IMF role in cross-hairs as G20 grapples with crisis

31st March 2009, Comments 0 comments

The IMF, which is predicting that this year will see the first global recession in 60 years, is seeking hundreds of billions of dollars to meet an expected rise in demands from its 185 members and to instill confidence in the tottering financial system.

Washington -- The International Monetary Fund says it needs a huge cash injection to help countries battered by the global economic crisis, but reform of the institution will loom large at this week's G20 summit.

The IMF, which is predicting that this year will see the first global recession in 60 years, is seeking hundreds of billions of dollars to meet an expected rise in demands from its 185 members and to instill confidence in the tottering financial system.

The Washington-based institution hopes to at least double its lendable resources to more than 500 billion dollars; Group of 20 finance chiefs backed the idea in March.

The IMF already has lent more than 50 billion dollars to help crisis-affected countries and is in talks with more.

Japan was first to help the IMF, providing an extra 100 billion dollars in February. The EU has pledged 75 billion euros (roughly 100 billion dollars).

The United States, the largest IMF stakeholder, has backed a substantial increase without saying how much it is willing to put on the table.

Brazil, Russia, India and China, the emerging powerhouses, also have indicated support for an increase without giving numbers.

"One thing I'm concerned about in the G20 process is there's a lot of discussion of providing additional resources to the IMF to help out in the event of a crisis," said Steven Dunaway, an economist at the Council on Foreign Relations, a Washington think tank.

"But to me what's most important is that the IMF is there, and through its surveillance capacity, able to try to head crises off before they develop," Dunaway, a former senior IMF economist, said.

The severe economic crisis has swept the 65-year-old IMF, which has been trying in recent years to reinvent itself for a globalized economy, back into the spotlight.

At an emergency G20 summit last November in Washington as financial markets plunged, leaders called for reform of the IMF, the World Bank and other multilateral institutions as a major means to ensure global stability.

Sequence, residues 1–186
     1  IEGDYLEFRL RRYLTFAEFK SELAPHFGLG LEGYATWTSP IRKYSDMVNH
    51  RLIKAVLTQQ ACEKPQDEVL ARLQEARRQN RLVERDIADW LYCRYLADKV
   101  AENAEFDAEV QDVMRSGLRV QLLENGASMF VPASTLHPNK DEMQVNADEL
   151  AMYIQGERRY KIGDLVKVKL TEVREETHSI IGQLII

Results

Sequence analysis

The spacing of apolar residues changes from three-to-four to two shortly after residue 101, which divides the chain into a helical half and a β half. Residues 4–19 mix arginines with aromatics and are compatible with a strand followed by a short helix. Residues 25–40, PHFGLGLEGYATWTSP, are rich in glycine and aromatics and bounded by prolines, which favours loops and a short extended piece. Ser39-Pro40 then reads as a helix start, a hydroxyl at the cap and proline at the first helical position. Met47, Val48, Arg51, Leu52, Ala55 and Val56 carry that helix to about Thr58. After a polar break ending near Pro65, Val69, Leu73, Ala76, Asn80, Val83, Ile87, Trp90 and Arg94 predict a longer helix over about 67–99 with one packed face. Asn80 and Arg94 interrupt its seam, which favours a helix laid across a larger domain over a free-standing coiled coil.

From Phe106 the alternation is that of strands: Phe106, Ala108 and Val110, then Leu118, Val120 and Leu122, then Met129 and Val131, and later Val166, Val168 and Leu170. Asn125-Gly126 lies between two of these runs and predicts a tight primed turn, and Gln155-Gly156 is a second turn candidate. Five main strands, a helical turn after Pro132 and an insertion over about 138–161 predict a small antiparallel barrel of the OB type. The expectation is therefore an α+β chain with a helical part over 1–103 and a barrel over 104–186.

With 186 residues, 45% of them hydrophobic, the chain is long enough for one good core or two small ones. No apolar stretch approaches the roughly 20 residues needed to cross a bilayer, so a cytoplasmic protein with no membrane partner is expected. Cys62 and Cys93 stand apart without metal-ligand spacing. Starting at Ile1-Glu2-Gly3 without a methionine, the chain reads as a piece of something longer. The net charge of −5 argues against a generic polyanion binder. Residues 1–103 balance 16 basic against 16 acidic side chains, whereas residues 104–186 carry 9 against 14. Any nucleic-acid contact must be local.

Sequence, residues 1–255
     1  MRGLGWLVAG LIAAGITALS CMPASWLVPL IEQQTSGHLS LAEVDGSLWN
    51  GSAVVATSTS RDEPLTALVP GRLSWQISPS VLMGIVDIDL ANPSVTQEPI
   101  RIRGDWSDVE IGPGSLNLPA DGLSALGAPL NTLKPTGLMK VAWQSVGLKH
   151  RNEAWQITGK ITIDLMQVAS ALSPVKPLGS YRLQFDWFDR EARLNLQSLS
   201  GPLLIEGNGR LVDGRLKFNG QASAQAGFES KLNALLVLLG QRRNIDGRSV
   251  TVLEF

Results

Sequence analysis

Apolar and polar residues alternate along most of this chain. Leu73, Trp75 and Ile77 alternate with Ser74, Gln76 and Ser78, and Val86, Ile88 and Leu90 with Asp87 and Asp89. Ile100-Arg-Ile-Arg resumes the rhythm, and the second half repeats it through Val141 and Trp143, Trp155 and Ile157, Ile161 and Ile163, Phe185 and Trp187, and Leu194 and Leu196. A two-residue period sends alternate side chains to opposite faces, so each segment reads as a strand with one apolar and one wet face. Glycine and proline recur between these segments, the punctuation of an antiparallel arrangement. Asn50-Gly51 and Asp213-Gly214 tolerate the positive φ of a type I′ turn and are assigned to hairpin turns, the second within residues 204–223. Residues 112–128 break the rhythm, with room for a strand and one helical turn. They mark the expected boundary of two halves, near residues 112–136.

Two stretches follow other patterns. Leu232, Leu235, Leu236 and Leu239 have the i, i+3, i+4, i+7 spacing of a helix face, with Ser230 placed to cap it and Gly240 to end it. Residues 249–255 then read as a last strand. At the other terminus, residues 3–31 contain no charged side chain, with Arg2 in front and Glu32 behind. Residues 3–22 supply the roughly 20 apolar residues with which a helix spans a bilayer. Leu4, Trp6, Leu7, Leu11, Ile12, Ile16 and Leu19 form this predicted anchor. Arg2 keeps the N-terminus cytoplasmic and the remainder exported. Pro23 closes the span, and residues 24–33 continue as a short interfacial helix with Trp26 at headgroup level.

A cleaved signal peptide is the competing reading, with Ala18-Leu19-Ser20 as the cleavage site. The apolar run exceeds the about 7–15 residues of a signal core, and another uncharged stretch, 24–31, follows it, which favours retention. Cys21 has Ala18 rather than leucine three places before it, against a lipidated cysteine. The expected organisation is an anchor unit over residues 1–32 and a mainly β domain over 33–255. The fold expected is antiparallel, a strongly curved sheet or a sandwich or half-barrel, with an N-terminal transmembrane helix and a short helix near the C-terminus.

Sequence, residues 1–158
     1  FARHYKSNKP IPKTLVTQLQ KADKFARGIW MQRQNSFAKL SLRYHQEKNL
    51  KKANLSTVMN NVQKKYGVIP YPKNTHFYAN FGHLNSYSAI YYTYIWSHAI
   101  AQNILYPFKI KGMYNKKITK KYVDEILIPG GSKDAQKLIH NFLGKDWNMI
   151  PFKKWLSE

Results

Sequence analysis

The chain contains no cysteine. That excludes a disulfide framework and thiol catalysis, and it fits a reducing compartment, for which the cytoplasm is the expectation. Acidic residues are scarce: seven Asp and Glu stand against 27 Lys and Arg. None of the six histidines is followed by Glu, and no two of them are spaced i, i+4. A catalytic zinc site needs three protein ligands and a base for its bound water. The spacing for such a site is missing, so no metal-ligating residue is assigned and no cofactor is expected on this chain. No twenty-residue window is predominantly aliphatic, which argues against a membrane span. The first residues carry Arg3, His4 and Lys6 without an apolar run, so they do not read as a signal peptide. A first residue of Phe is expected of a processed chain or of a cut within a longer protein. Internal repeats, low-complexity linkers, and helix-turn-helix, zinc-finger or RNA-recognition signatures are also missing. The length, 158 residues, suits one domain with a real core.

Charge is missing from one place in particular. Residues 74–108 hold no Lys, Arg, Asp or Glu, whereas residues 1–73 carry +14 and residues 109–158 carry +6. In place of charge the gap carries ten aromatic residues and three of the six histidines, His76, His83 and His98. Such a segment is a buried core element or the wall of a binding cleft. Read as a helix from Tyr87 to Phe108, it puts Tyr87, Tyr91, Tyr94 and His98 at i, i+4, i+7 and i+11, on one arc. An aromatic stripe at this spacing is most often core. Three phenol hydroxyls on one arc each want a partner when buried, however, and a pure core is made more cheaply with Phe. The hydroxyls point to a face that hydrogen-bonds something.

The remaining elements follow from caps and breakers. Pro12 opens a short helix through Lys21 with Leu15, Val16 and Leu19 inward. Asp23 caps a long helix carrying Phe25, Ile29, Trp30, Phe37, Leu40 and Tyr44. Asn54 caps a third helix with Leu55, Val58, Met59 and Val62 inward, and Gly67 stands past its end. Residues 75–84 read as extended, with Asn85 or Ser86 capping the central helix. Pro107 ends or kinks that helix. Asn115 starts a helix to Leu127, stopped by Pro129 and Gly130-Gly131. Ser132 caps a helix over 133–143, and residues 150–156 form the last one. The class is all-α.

Ahead of the London summit, the IMF last week unveiled reforms to streamline lending and offer bigger loans, including a landmark line of credit for well-managed economies that has no conditions or limit.

The IMF also doubled the loan limits on other programs and removed lending measures it acknowledged had been damaging to some developing countries.

Before the financial crisis, when credit was easy, IMF lending nearly dried up as developing countries snubbed what they said were punishing conditions on IMF loans and borrowed money elsewhere.

China and other emerging nations have pushed for greater clout at the IMF and the World Bank that would reflect their new economic power, and the IMF has begun the cumbersome multilateral reform process.

IMF managing director Dominique Strauss-Kahn last week welcomed a report prepared by the committee on IMF Governance Reform, chaired by the South African finance minister Trevor Manuel.

"The committee proposes a package of measures to enhance the fund's legitimacy and effectiveness," said the former French finance minister.

This would include a high-level ministerial council "to foster political engagement in strategic and critical decisions, acceleration of the quota and voice reform begun last year ... and the introduction of an open, transparent and independent of nationality selection process for the managing director."

British Prime Minister Gordon Brown, who is hosting the G20 summit on Thursday, has called for an end to the implicit deal that puts a European at the head of the IMF and an American at the helm of the World Bank.

"The International Monetary Fund, the World Bank and all the international institutions must change now to meet the new realities," Brown said during a visit to Brazil.

"The next head of the World Bank need not be an American. The next head of the IMF need not be a European," he said.

The G20 comprises the seven major industrialized nations -- Britain, Canada, France, Italy, Japan, Germany, and the United States -- plus Argentina, Australia, Brazil, China, India, Indonesia, Mexico, Russia, Saudi Arabia, South Africa, South Korea and Turkey, and the European Union.

AFP/Expatica

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